What does negative net zero carbon mean?


Negative net-zero carbon. The phrase sounds redundant or oxymoronic. But it is a real thing. You can have less than net-zero carbon emissions if you capture and use emissions that otherwise would be released as greenhouse gas into the atmosphere. To learn more, read “What does negative net zero carbon mean?”

Key Takeaways:

  • Renewable natural gas (RNG), or biogas, is derived from organic waste material. Biogas can be captured and used as fuel in place of traditional natural gas.
  • According to a University of California Davis study, there is so much organic waste available in California that more than 20% of the state’s residential gas needs could be met with RNG.
  • California Air Resources Board (CARB) data shows that the average “carbon intensity” of all renewable natural gas vehicle fuel in the state’s Low Carbon Fuel Standard (LCFS) program was negative for the first time in program history.
  • RNG made up nearly 90% of all natural gas vehicle fuel in the low carbon fuel program and consumed in California in the first half of 2020, up from around 77% in 2019, according to CARB data.
  • According to an EPA study, if you capture all the methane coming off of RNG capture potential areas, you could run about 200,000 trucks on renewable natural gas every year.

Path to 100% Perspective:

The role of natural gas in power generation is increasing as it is being more widely utilized to run power plants that are integrated with intermittent wind and solar systems. As the share of wind and solar capacity increases and the net load to thermal plants decreases, gas power plants can also provide peaking to system balancing. Renewable natural gas can be leveraged as a fuel source to replace fossil-fuel based natural gas, thus moving the world one step closer to decarbonization and a 100% renewable energy future.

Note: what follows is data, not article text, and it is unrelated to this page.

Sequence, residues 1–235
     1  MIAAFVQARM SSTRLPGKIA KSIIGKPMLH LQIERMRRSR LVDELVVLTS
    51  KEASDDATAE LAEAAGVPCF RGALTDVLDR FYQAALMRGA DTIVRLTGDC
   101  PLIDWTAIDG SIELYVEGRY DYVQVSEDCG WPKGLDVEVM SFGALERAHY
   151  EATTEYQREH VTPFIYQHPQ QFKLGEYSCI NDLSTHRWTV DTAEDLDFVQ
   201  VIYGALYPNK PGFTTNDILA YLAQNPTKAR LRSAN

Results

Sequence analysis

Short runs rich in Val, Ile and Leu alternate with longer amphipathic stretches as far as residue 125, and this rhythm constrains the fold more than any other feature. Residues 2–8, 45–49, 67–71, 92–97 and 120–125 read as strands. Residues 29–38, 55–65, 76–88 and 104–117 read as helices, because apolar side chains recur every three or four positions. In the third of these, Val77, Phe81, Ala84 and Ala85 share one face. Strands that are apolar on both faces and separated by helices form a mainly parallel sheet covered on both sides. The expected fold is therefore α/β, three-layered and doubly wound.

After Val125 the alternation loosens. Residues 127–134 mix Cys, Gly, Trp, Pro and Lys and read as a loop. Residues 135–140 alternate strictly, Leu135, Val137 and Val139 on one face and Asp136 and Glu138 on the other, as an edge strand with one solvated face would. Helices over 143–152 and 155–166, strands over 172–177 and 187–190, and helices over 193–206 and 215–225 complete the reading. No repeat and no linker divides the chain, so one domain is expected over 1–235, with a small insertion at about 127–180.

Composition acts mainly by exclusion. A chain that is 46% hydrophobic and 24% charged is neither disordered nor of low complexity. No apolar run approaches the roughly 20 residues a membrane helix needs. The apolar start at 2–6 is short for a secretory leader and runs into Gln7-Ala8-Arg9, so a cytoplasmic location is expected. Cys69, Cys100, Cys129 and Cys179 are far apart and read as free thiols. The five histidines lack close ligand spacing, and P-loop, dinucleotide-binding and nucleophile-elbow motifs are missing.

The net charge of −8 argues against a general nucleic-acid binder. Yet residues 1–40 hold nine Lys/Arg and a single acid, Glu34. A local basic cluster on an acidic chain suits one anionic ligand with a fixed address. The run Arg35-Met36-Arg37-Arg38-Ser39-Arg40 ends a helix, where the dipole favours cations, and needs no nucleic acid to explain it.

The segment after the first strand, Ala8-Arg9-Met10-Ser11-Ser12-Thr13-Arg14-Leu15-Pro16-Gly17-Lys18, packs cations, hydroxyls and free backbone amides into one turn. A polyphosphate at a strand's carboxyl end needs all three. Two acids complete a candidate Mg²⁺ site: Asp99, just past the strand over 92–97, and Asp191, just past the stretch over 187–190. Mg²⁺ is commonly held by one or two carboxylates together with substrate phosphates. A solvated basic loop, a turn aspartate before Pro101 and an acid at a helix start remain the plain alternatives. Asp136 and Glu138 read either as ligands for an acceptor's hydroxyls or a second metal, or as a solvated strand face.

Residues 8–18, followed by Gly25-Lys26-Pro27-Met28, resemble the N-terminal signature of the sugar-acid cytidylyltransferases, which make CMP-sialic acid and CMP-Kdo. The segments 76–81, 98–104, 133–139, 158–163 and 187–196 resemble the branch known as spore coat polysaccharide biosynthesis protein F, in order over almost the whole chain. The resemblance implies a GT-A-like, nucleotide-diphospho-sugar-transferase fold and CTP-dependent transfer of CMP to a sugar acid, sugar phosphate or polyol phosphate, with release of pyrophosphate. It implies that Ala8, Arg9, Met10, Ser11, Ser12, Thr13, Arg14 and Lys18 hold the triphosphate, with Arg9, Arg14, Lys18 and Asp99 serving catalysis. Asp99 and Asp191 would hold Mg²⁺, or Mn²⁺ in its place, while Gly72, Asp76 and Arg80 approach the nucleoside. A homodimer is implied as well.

Photo by Scott Rodgerson on Unsplash

California’s pathway to 100% clean electricity begins to take shape, but reliability concerns persist


California’s energy agencies are taking a first stab at assessing possible pathways to the state’s ambitious goal of achieving 100% renewable and zero-carbon electricity by 2045, but concerns about system reliability — especially in light of the rolling blackouts — continue to plague regulators. The California Public Utilities Commission (CPUC), California Energy Commission (CEC) and California Air Resources Board (CARB) released a draft report on getting to a 2045 clean electricity portfolio, which indicated the goal is technically achievable. To learn more, read “California’s pathway to 100% clean electricity begins to take shape, but reliability concerns persist.”

Key Takeaways

  • The report presents important initial insights into potential paths for the electric sector, Mary Nichols, CARB chair, said at the workshop, adding that “the initial work highlights the enormous challenge ahead, requiring a complete transformation in the type of electricity that Californians consume.”
  • California’s carbon goals are part of legislation passed by the state in 2018, called Senate Bill 100, which calls for 100% of electric retail sales in the state to come from renewable energy and zero-carbon resources by the end of 2045.
  • The bill also required the three energy agencies to create a report evaluating the policy and follow it up with updates at least every four years. The agencies intend to submit a final version of the initial report early next year.
  • Based on this analysis, the report concludes that achieving the 100% clean electricity goal is technically achievable, and could cost around 6% more than the baseline 60% Renewable Portfolio Standard (RPS) future by 2045, although that could change if renewables continue to decline in cost at a faster rate than anticipated by the models.

Path to 100% Perspective

A place where the transition to renewables has progressed quite far already is California. The lessons learned along the way have been plentiful, but powerful nonetheless. The record-breaking heat wave that swept across the western part of the country and caused a series of blackouts in the Golden State, offered additional modelling opportunities to demonstrate the most effective mix of energy to accommodate any extreme weather situation during the transition, and to meet clean power mandates. The big challenge facing California and the rest of the world is how to integrate renewables into the grid while building security of supply and a sustainable power system with an affordable plan for everyone involved.



Photo by Matthew Hamilton on Unsplash